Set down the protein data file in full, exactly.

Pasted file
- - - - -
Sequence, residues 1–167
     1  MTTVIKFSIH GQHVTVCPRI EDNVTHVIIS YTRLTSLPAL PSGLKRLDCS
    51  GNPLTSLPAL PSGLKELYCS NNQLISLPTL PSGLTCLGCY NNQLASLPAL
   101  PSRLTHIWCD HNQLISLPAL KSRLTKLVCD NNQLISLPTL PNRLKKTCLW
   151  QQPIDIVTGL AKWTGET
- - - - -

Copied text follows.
Sequence, residues 1–167
     1  MTTVIKFSIH GQHVTVCPRI EDNVTHVIIS YTRLTSLPAL PSGLKRLDCS
    51  GNPLTSLPAL PSGLKELYCS NNQLISLPTL PSGLTCLGCY NNQLASLPAL
   101  PSRLTHIWCD HNQLISLPAL KSRLTKLVCD NNQLISLPTL PNRLKKTCLW
   151  QQPIDIVTGL AKWTGET